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Am J Physiol Heart Circ Physiol. 2007 Apr;292(4):H1777-81. Epub 2006 Dec 1.

Direct demonstration of 25- and 50-microm arteriovenous pathways in healthy human and baboon lungs.

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  • 1John Rankin Laboratory of Pulmonary Medicine, Univ. of Wisconsin School of Medicine and Public Health, Madison, WI 53706-1532, USA. atlovering@wisc.edu

Abstract

Postmortem microsphere studies in adult human lungs have demonstrated the existence of intrapulmonary arteriovenous pathways using nonphysiological conditions. The aim of the current study was to determine whether large diameter (>25 and 50 microm) intrapulmonary arteriovenous pathways are functional in human and baboon lungs under physiological perfusion and ventilation pressures. We used fresh healthy human donor lungs obtained for transplantation and fresh lungs from baboons (Papio c. anubis). Lungs were ventilated with room air by using a peak inflation pressure of 15 cm H(2)O and a positive end-expiratory pressure of 5 cm H(2)O. Lungs were perfused between 10 and 20 cm H(2)O by using a phosphate-buffered saline solution with 5% albumin. We infused a mixture of 25- and 50-microm microspheres (0.5 and 1 million total for baboons and human studies, respectively) into the pulmonary artery and collected the entire pulmonary venous outflow. Under these conditions, evidence of intrapulmonary arteriovenous anastomoses was found in baboon (n = 3/4) and human (n = 4/6) lungs. In those lungs showing evidence of arteriovenous pathways, 50-microm microspheres were always able to traverse the pulmonary circulation, and the fraction of transpulmonary passage ranged from 0.0003 to 0.42%. These data show that intrapulmonary arteriovenous pathways >50 microm in diameter are functional under physiological ventilation and perfusion pressures in the isolated lung. These pathways provide an alternative conduit for pulmonary blood flow that likely bypasses the areas of gas exchange at the capillary-alveolar interface that could compromise both gas exchange and the ability of the lung to filter out microemboli.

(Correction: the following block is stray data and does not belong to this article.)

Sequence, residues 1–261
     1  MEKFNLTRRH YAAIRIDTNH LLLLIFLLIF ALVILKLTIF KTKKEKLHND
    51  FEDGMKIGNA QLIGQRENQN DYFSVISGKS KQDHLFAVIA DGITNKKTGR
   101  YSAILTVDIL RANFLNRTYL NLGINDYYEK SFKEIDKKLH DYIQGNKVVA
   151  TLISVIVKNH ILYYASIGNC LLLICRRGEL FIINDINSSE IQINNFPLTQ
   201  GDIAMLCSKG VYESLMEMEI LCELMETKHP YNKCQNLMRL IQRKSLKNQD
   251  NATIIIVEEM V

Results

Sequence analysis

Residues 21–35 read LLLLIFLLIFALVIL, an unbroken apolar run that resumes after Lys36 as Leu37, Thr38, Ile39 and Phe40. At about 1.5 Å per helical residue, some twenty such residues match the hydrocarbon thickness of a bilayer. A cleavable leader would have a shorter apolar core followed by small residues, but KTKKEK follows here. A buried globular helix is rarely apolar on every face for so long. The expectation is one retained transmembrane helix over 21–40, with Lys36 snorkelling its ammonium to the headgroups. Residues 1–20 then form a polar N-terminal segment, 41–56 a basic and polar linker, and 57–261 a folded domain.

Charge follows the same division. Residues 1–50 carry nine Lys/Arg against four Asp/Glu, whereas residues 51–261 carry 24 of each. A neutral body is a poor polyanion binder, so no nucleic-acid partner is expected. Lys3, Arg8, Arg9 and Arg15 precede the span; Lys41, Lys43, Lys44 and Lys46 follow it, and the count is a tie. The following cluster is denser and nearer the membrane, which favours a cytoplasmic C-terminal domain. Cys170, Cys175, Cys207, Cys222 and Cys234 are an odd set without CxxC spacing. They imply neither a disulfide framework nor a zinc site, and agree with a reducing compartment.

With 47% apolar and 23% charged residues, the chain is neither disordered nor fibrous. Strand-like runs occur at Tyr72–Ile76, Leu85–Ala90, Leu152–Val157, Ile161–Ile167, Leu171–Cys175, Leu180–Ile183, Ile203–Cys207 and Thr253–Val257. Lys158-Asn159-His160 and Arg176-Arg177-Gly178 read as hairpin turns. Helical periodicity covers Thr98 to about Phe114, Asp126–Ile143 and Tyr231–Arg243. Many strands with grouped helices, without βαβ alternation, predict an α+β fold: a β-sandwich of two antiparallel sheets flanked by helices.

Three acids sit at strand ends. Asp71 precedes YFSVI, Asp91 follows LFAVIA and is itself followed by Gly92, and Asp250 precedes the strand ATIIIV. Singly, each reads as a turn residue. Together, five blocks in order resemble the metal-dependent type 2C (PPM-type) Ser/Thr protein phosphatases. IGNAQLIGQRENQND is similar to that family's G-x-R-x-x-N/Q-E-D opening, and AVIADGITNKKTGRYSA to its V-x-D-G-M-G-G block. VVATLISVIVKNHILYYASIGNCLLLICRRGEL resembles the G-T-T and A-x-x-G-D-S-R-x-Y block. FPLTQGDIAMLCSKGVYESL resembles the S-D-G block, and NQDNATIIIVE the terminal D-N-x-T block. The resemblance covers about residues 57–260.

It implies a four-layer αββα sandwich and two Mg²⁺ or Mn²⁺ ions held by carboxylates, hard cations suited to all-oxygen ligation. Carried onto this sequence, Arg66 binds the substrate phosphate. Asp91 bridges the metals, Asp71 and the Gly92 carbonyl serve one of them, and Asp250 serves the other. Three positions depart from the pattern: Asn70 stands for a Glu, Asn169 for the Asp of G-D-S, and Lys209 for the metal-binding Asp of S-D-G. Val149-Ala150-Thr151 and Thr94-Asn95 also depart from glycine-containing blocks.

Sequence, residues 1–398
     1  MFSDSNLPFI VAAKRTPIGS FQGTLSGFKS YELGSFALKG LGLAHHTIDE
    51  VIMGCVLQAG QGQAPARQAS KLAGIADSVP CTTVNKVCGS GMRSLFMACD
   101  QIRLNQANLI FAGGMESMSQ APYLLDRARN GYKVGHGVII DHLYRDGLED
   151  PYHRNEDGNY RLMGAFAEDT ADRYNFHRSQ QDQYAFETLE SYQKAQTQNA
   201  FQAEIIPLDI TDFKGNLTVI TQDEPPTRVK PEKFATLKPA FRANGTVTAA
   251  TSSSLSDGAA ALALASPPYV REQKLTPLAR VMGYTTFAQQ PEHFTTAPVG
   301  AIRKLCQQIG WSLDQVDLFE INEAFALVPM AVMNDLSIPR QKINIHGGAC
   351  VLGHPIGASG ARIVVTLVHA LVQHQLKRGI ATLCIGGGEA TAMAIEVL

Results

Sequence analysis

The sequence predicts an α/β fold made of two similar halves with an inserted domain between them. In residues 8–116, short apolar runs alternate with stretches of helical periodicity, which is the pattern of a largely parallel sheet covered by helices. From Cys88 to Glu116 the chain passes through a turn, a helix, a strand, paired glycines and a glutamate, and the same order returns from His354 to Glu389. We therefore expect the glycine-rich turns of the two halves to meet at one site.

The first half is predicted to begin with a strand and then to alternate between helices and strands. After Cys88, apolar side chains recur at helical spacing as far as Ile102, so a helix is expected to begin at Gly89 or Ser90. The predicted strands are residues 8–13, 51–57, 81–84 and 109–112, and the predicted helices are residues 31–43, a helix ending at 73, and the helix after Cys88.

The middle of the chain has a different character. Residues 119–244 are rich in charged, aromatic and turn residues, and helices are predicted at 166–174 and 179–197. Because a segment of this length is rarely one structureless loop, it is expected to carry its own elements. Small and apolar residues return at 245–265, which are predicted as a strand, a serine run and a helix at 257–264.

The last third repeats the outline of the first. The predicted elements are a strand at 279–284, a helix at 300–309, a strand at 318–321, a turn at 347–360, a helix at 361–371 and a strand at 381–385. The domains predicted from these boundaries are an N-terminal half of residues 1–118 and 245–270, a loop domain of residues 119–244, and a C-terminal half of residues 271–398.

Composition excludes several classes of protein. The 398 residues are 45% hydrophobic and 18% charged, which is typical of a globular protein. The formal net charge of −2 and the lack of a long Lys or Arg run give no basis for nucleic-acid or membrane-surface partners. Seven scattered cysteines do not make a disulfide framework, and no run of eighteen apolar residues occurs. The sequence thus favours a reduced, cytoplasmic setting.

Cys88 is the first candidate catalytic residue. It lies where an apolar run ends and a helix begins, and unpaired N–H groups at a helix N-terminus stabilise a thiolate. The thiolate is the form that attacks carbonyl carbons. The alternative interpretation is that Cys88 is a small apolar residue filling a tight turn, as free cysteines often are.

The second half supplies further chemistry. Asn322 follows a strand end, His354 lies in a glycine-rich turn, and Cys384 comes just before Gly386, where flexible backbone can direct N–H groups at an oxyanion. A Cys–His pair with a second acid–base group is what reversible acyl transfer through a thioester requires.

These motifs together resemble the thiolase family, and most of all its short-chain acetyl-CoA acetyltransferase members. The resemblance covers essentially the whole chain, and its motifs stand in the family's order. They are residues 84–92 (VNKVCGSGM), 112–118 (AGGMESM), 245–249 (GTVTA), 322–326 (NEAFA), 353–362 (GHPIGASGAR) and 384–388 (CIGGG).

PMID:
17142338
[PubMed - indexed for MEDLINE]
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